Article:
Additionally, the defendant filed motions to alter or amend the judgment, for remittitur, or, in the alternative, for a new trial. The supporting rationale for defendant's motions was that the jury's calculations were in direct legal conflict with the jury's findings that defendant proved that plaintiff had refused an unconditional offer of reinstatement. In light of the jury's findings, defendant argued that plaintiff was only entitled to $25,241.80 in damages.

Defendant appealed.

Although under Michigan law employees are generally terminable at-will, the Michigan Supreme Court, in Toussaint v. Blue Cross & Blue Shield of Michigan, 408 Mich. 579 (1980), held that "an employer's express agreement to terminate only for cause, or statements of company policy and procedure to that effect, can give rise to rights enforceable in contract." Id. at 610. The Toussaint court held that a just-cause provision in an employment contract can "become part of the contract either by express agreement, oral or written, or as a result of an employee's legitimate expectations grounded in an employer's policy statements." Id. at 598.

The plaintiff asserts that the the testimony of Cyclops' president, James Fink, supported the plaintiff's belief that he had a just-cause employment contract. We agree. Fink testified in his deposition, which was before the court when it ruled on the defendant's motion for summary judgment, that " [t]here ha [d] to be good cause" for terminating the plaintiff. At trial, Fink testified that it was both the practice and policy of Cyclops to discharge only for just cause. We cannot disregard the testimony of Cyclops' own president as to Cyclops' policies and practices. We thus conclude that, under Toussaint, Fink's testimony supports the plaintiff's belief that he had a just-cause employment contract. As a result, the district court properly denied the defendant's motion for summary judgment and its motion for a directed verdict.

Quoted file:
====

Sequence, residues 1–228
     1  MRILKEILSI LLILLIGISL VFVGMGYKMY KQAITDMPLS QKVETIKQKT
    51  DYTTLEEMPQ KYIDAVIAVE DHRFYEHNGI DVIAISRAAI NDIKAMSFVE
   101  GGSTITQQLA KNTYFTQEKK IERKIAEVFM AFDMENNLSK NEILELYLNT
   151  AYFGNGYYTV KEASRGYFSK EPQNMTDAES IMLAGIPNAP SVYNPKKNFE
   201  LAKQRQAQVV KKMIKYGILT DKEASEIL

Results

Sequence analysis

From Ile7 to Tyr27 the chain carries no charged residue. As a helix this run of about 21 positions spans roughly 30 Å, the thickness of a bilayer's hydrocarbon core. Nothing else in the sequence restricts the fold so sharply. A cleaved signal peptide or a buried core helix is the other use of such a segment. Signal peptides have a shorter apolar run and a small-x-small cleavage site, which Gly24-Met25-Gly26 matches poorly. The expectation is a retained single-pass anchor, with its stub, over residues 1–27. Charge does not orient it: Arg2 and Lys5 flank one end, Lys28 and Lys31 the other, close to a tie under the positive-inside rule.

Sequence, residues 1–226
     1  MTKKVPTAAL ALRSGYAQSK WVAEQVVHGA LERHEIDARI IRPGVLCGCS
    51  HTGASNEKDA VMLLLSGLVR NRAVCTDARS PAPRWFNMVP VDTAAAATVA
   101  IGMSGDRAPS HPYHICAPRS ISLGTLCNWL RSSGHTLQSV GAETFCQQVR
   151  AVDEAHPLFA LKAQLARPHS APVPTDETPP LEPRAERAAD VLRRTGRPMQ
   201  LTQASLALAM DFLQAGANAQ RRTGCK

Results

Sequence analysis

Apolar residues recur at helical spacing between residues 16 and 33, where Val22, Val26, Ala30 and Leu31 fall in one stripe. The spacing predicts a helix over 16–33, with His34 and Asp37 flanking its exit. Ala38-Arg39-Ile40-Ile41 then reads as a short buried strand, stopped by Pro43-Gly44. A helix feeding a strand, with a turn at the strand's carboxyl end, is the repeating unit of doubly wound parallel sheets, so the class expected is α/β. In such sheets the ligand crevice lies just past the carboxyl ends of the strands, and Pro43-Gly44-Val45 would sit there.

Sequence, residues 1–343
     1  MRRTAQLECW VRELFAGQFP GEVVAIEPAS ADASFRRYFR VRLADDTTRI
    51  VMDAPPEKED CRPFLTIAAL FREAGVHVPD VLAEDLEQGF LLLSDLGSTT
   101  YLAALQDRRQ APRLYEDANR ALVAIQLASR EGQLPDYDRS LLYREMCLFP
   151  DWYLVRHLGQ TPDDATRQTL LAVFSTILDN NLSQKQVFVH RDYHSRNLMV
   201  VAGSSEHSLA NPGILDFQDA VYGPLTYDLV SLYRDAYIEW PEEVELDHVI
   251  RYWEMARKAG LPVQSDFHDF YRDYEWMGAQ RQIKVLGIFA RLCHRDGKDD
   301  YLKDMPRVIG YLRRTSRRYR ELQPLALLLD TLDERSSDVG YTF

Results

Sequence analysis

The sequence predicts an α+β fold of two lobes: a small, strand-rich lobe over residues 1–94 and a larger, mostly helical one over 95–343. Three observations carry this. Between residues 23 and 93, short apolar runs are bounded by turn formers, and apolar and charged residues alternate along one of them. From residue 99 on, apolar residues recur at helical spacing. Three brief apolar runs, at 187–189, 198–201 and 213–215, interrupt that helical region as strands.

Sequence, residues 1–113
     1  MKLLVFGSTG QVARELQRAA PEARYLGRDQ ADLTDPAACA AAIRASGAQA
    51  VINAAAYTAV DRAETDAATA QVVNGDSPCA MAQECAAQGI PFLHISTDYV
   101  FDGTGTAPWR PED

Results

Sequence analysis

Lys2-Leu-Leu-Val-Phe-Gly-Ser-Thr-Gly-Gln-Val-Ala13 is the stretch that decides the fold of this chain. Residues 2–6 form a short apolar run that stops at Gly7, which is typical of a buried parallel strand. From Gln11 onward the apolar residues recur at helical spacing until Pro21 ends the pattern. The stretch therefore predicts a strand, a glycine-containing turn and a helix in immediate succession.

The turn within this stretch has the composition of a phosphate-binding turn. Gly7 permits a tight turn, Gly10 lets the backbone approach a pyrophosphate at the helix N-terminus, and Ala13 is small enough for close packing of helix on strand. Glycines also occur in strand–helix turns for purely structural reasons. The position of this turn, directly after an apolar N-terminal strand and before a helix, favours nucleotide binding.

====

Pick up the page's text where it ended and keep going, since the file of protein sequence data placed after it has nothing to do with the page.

We do, however, find that the jury instructions regarding damages were impermissibly confusing. Question No. 5 of the verdict form asks if the defendant proved that "Sisneros failed to mitigate his damages, or refuse an unconditional offer of reinstatement." The jury answered yes to this question. The next question on the verdict form, Question No. 6, asks how much the damages should be reduced if the defendant "proved that Sisneros failed to mitigate." The jury responded that this amount was $1,393,307.31. The defendant asserts that it did not attempt to show that Sisneros failed to mitigate his damages but that it attempted only to show that Sisneros refused an unconditional offer of reinstatement. Thus, defendant argues that Question No. 6, which addressed only mitigation, was confusing. We agree.

Also, the jury was instructed that, if it found that the defendant made an unconditional offer of reinstatement, damages could not be awarded for loss of compensation after that date. Once the jury found that Sisneros, as evidenced by its answer to Question No. 5, had refused an unconditional offer of reinstatement, the verdict form failed to provide for a way in which to calculate damages, based on the date the plaintiff rejected the unconditional offer of reinstatement.

REVERSED and REMANDED for a new trial on the issue of damages.